• United States
by Steve Taylor and Joanie Wexler

Ethernet services need boost

Jan 14, 20032 mins

* Enterprises could use metro Ethernet education

Metro Ethernet services have gotten off to a bit of a rocky start, making just $340 million in U.S./Canadian service revenue in 2002, according to Infonetics Research.

One obstacle, of course, has been the unfortunate timing of these services’ debut amid a sluggish economic milieu. In addition, though, these services are suffering from some confusing marketing messages.

Until AT&T’s recent announcement of an Ethernet transparent LAN service (TLS) that enables multisite connectivity and maintains customer virtual LANs (VLAN) across the MAN and WAN, Yipes Enterprise Services was the only carrier we know of offering true LAN-like services. AT&T, WorldCom and the regional Bell operating companies, for example, have heretofore been offering services that are point-to-point in nature, which are beneficial for some applications. But they shortchange you on the biggest economic benefits: running a “metro- or wide-area LAN.”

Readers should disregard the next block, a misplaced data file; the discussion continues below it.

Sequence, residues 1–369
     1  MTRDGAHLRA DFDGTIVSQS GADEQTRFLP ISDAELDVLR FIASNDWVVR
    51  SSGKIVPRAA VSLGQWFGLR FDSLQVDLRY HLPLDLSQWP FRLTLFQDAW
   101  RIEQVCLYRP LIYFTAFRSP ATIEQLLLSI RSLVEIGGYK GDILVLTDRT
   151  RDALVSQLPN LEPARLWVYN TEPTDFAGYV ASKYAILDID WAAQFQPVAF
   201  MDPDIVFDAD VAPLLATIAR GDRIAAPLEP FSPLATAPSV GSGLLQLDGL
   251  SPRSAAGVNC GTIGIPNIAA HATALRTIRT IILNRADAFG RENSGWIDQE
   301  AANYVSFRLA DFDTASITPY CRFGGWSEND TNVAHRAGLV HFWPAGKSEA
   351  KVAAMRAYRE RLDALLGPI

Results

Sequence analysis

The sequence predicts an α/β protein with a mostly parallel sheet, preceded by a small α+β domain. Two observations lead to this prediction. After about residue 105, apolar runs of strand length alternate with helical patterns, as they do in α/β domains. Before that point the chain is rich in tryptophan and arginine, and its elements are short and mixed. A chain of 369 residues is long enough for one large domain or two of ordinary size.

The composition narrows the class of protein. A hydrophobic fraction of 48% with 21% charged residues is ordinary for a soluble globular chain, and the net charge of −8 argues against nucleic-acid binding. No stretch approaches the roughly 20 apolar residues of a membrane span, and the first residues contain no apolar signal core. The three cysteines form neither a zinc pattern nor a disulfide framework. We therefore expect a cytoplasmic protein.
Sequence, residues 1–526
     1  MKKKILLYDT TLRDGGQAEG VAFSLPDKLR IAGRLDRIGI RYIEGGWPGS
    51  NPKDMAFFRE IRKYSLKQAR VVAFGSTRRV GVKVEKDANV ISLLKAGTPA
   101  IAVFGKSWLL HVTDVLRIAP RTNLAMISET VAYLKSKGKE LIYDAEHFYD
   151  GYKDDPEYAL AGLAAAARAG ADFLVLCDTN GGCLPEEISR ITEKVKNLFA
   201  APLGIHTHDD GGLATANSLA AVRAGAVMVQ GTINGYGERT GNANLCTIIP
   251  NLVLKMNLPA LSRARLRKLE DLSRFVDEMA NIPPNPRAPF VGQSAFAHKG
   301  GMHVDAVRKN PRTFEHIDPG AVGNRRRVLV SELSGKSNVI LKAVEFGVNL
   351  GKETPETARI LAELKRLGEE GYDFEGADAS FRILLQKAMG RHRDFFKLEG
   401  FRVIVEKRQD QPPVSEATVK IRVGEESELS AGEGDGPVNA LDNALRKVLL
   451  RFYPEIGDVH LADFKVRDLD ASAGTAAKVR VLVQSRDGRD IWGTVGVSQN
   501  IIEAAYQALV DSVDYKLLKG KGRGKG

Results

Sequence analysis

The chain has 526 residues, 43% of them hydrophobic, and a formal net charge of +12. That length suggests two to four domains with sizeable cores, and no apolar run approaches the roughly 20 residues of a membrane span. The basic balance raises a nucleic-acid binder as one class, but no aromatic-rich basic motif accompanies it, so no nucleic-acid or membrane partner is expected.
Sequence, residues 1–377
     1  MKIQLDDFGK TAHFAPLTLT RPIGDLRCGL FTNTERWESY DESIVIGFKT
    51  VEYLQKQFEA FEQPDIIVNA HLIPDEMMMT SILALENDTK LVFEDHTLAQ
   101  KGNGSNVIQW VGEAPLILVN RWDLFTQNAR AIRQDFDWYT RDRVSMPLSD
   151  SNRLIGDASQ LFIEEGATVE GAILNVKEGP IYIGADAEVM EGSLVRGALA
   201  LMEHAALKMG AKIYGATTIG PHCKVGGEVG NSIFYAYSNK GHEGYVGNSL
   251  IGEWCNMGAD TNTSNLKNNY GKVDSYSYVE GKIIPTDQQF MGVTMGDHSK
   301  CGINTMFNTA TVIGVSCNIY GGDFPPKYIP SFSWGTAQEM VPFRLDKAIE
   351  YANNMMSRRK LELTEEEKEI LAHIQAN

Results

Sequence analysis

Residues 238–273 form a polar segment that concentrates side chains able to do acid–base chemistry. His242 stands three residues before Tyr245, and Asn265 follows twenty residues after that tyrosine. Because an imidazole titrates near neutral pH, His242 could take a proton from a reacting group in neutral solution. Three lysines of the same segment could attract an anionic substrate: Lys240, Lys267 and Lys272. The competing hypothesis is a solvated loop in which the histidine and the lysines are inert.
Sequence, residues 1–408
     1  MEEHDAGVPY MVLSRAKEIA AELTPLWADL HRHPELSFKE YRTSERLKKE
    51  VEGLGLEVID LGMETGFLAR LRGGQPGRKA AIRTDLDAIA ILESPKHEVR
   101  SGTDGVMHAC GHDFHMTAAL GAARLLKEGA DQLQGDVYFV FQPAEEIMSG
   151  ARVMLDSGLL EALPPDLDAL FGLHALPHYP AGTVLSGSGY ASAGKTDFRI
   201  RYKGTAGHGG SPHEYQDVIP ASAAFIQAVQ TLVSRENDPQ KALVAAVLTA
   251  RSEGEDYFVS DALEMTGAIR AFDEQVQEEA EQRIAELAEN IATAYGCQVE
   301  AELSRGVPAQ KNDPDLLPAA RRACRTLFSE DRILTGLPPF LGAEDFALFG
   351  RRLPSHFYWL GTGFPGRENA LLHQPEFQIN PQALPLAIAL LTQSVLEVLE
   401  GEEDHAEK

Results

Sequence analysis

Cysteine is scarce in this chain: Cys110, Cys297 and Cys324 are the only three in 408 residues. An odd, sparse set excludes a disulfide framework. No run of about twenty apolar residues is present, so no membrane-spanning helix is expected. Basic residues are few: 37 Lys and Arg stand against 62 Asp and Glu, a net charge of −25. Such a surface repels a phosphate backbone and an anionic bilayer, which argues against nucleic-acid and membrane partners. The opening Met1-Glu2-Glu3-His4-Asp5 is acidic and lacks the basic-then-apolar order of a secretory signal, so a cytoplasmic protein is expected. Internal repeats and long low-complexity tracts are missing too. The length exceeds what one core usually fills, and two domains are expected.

In fact, says Jason Knowles, senior analyst of network services with Current Analysis, “many enterprises have back-burnered metro Ethernet, because they’ve realized that the only application it is good for is Internet access. There have been issues surrounding the redundancy and resilience needed for mirrored data centers” and more LAN-like applications, he says.

This is where Resilient Packet Ring (RPR) technology, a.k.a. IEEE 802.17, will serve the industry well. But beware of carriers confusing you with piles of technical RPR information in lieu of giving you specifics about service details.

For example, if a carrier comes to you and says, “We’ve added new services to our Ethernet services portfolio and they are based on RPR,” do you inherently understand what that means to your organization?

Even if you do, you’ll likely care more about who can communicate with whom and at what speeds, what the service-level agreements are, how much the service costs, how traffic is secured, and so forth – than the ins and outs of RPR technology.

Note, for example, that:

* AT&T says it is RPR technology that enabled its new TLS.

* WorldCom says it has long used RPR in its Ethernet services networks, but that it doesn’t offer TLS because of VLAN mapping issues.

* Yipes does NOT use RPR, but DOES offer a TLS.

Three carriers, three scenarios. It’s safer to focus on the service, not on how it’s delivered.